OR        



The group of children who were read to on a daily basis were 1.6 times as likely to be rated by their teachers as bein... More


Author Showcase

Summer 2008 Featured Author Jennifer Fosberry

RT: In your book, My Name is Not Isabella, the main character, Isabella, pretends to be different famous women: Rosa Parks, Sally Ride, Annie Oakley, Marie Curie, and Elizabeth Blackwell. How did you select these five women of accomplishment? Were there many women on your "runner up" list?

Jennifer: Actually, these ladies came to me pretty easily. I thought of some of them because they are women I greatly admire, others because I wanted to round out the types of accomplishment that were featured (mental, athletic, and strength of spirit). Believe it or not, the most difficult character to have Isabella play was the mother. The first draft of the rest of the book was done and I couldn’t figure out the last character she becomes before returning to herself. I played with queens, swimmers, and nothing fit. Then I overheard my daughter and a friend playing house in the other room and arguing about who was going to get to be the Mom. It just clicked.

RT: Isabella does not see her own mother as a homemaker. In fact, she puts them on the pedestal next to the other accomplished women. How influential has your mother been in your life?

Jennifer: Isabella sees her mother as an omnipresent force in her life. Mothers are what mothers do. That is how our children see us. I hope history will be kind to me, as well. My mother was an incredible force in my life; her quiet strength and solid core have kept me grounded and yet she fed me with the knowledge that I could do anything I wanted to...and do it well. But I better not get too big for my britches about it either.

RT: Girl power and big dreams are underlying themes in My name Is Not Isabella. What would you say to young girls who aspire to do big things?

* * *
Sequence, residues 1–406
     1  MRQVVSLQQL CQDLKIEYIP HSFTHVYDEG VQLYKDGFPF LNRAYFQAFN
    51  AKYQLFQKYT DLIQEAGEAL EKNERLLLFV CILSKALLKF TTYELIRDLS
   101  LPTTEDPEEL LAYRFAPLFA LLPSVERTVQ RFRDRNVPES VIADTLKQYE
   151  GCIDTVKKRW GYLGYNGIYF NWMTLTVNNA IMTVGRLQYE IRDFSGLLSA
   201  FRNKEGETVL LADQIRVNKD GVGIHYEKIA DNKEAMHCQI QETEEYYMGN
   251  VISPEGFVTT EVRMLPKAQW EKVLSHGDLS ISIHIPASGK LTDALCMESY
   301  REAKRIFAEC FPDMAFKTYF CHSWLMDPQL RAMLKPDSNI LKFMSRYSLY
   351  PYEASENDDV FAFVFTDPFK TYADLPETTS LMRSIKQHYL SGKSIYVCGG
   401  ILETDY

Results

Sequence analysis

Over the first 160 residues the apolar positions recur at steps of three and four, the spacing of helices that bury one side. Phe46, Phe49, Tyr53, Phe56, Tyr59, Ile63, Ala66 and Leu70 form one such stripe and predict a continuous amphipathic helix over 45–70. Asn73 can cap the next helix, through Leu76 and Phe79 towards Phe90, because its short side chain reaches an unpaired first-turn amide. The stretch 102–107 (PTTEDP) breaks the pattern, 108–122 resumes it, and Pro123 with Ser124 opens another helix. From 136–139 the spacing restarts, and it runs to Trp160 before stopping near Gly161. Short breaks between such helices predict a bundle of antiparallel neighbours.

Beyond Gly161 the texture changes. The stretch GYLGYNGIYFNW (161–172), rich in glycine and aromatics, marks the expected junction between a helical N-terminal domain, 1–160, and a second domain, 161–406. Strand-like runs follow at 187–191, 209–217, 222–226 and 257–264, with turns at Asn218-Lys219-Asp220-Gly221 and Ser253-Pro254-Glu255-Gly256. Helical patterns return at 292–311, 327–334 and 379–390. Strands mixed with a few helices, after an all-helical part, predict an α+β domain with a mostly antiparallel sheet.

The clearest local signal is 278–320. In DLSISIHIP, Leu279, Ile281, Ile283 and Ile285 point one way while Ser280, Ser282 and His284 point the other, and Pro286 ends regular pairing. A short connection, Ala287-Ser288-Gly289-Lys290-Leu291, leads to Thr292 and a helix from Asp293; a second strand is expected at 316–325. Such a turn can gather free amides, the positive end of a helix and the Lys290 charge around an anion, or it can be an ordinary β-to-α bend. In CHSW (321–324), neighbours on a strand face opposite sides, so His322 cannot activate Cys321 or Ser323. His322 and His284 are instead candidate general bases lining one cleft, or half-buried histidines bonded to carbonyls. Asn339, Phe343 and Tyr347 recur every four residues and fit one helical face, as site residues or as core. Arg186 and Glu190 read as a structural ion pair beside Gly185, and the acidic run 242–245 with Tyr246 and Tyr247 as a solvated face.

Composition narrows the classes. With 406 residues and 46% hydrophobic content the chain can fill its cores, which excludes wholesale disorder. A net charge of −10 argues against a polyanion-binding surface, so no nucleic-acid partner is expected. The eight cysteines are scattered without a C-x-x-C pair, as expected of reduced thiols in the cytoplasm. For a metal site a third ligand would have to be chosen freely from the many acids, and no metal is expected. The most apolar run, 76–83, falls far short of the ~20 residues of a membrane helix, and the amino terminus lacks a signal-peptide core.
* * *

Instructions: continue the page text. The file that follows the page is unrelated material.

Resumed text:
Jennifer: I would say to work hard at what you believe in. Rosa Parks is the person we remember for the start of the civil rights movement, but it took the work and the sacrifice of many to accomplish that change. Many women became doctors against prejudice after Elizabeth Blackwell. While we don’t remember all their names, we remember their contributions. Big things are also making an impact in the world around you and by striving to be your best.

RT: You describe yourself as "a science geek turned children's book writer" on the jacket flap. What led you to give up your Silicon Valley career and pursue writing?

Jennifer: The two items are actually not sequential. I always enjoyed writing during my school years. When I had kids, the ideas just started coming again. After we had our third child, the financial and logistical implications of day care versus job benefits no longer were in favor of me working outside the home. That is when I stopped the Silicon Valley career. Over time, the better book ideas and some practice developed into My Name is Not Isabella. Once I realized it really was pretty good, I wanted to put it out there and share it beyond my circle of friends. That is when we committed to publishing this book and it has been an exhausting and exhilarating journey.

RT: Isabella includes a brief biography of these women who have changed the world, including "mommy." You describe mothers as people who use "love and wisdom to raise children to be caring, accomplished adults." Do you have any advice for other mothers trying to fulfill this daunting task?

Jennifer: I am still a beginner on this journey, but I would say my best piece of advice is from my husband. He constantly reminds me to enjoy the kids. Every so often in the rush of day to day life, I have to remind myself that they won’t be this age forever, and while parts of now are hard, parts of now are simply magical. Sometimes we need to stop doing the dishes and enjoy the magic.

RT: Juggling life between Costa Rica and California, raising three young children, and being the "Top Banana" at Monkey Barrel Press sounds exhausting. Do you still have plans for future publications? Have you considered incorporating your science background into another educational kids book?

Jennifer: I absolutely have plans for more publications. But before that can happen, this book needs to be a financial success. I already feel like this has been a successful project and that I have a successful product. Now it needs to “show me the money.”